Last month I received some positive feedback after I published my interview with Nancy A. Locke about the great divide between translators’ training and the real world. It’s clear that all parties in the translation industry are aware of the necessity for a better – more practical – training as well as a more intensive cooperation between the academia and the translation industry.
Costanza Marinelli has a varied background: A translation diploma, a political science degree, diplomatic studies from the University of Florence and an MBA from the Open University of Milton Keynes (UK). Currently based in Tokyo, Costanza has 20 years of experience in localisation project management for Medtronic, international human resources for Mallinckrodt Medical and market research for Sémaphore Conseil. She joined Larsen Globalization in 2013.
In 2012, The Big Wave, the online journal I was then editing, published an article by Inger Larsen (CEO and founder of Larsen Globalization), where she stated that the failure rate for translators passing professional test translations was about 70% and that it was in part due to the lack of practical training at university level. Do you think this still holds true today?
Five years later, the lack of translation training at university level is still one of the main causes for high test failure rates like Inger stated. The LocWorld Roundtable “Attracting and Developing Talent Initiative” and other projects are trying to bridge the gap between academia and business. However, a lot needs to be done and students seem to be unprepared for the “real world” all the same. To make things worse, translation tests get harder and harder. The industry seems to need more linguists with an outstanding command of their own language and/or very specific technical knowledge in fields like life science, digital marketing, IT, etc. University curricula could offer courses aimed at helping students develop writing skills in their mother tongue. Another recurring factor for failing is poor time management. I have seen even very experienced freelance translators struggling with stringent time limits and not passing tests. Project/time management courses could also be useful to prepare students for these tests and their future professional career.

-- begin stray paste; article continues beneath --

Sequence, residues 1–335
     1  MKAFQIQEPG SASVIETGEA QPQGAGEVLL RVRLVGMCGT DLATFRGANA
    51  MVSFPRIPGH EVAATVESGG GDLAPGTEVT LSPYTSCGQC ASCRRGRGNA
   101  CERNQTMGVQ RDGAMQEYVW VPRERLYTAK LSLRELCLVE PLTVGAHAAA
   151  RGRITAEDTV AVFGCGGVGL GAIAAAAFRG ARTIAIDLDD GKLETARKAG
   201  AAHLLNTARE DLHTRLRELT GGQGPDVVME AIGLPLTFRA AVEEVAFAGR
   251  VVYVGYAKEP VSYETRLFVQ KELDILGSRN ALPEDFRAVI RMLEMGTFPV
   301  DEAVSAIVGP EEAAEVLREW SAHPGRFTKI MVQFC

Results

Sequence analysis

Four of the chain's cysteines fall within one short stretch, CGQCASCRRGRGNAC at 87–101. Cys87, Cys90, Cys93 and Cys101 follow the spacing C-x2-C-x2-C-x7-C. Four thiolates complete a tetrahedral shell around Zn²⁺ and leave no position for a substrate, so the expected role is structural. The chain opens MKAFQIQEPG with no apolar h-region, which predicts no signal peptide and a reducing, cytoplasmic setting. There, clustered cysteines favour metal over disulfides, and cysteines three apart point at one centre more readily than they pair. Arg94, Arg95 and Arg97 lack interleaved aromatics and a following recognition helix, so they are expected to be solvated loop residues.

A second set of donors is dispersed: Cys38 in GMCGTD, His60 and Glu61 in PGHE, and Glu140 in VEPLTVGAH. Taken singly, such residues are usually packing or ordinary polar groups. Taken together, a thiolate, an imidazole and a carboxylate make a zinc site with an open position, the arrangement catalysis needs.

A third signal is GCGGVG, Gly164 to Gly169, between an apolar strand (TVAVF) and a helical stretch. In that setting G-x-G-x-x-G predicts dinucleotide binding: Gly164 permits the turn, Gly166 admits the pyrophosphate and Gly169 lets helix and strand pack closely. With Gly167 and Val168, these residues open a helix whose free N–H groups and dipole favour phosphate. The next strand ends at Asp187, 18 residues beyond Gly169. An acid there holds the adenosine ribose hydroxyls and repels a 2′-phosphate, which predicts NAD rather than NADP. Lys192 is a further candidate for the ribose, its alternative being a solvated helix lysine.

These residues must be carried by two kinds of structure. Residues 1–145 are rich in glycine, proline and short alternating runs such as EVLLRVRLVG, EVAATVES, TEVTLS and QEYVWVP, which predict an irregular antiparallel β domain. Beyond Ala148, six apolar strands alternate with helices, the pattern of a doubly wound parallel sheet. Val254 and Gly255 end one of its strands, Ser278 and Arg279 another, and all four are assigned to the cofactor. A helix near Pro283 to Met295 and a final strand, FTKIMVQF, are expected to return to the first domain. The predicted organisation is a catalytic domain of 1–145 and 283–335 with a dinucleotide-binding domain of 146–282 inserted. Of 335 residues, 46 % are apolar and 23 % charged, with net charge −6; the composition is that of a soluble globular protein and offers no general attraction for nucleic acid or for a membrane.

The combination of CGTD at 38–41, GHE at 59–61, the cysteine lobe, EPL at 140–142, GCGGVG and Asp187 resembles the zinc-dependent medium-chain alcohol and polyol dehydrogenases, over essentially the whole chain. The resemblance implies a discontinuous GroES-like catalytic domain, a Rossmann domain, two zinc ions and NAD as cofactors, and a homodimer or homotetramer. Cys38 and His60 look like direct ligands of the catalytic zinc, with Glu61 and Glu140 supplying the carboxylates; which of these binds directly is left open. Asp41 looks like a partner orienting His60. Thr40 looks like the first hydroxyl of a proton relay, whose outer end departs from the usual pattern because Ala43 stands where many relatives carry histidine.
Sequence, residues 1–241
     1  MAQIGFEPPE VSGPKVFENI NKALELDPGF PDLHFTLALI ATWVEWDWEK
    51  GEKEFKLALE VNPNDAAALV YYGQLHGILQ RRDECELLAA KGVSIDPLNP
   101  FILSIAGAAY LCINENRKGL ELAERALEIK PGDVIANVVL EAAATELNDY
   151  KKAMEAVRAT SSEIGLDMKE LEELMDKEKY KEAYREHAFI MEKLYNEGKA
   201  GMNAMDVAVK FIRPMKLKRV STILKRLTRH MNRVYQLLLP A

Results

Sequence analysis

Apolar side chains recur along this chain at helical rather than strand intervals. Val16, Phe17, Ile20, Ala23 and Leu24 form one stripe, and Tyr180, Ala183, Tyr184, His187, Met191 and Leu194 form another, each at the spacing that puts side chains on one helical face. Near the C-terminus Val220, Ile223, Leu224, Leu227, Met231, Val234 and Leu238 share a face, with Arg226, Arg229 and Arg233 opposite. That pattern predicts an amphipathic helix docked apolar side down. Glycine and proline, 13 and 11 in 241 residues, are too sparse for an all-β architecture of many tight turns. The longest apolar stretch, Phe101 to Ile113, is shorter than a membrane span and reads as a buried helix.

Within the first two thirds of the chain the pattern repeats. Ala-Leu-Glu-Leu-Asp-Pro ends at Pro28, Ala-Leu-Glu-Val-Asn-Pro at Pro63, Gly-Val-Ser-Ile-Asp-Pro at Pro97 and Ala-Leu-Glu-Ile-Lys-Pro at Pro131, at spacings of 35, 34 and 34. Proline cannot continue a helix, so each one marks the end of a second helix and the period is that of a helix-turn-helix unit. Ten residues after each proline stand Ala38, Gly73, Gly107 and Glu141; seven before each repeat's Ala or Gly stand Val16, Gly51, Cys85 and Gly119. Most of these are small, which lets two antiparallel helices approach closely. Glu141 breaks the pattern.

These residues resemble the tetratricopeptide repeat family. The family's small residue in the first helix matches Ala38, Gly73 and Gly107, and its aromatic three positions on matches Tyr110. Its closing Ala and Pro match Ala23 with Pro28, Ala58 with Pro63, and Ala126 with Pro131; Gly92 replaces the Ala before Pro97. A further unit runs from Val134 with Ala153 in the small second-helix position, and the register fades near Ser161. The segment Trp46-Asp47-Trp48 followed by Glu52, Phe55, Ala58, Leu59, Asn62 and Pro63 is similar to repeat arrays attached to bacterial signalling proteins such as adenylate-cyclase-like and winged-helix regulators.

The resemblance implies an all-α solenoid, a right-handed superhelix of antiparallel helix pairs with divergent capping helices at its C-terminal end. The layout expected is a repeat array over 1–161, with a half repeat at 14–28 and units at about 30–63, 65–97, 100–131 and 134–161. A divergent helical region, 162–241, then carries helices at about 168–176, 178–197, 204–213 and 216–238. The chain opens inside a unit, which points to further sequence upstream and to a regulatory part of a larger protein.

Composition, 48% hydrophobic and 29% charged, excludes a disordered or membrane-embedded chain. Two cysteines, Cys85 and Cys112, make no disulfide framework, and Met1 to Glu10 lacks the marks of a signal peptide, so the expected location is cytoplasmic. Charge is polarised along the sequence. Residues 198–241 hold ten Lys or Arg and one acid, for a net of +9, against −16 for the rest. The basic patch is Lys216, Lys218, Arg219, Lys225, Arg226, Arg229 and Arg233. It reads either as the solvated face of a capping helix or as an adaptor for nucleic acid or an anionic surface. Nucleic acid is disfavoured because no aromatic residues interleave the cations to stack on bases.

You advise organisations of various kinds. How do requirements change from one industry to another?
In my experience, the biggest difference in requirements and recruitment practices can be found between language service providers and companies on the client’s side. On the client’s side, recruitment processes are much longer (4 interview rounds or more). Candidates are screened not only for specific skills but also for “cultural fit”, which seems to play a bigger role than in the language service provider’s case. On the client’s side, line managers, top managers, colleagues are involved in the recruitment process to make sure that the candidate has got the right “DNA” for the company. A high level of motivation is key to pass these interviews. On the language service provider’s side, technical skills and relevant professional experience are essential. Furthermore, there are typically fewer recruitment rounds (2 to 3).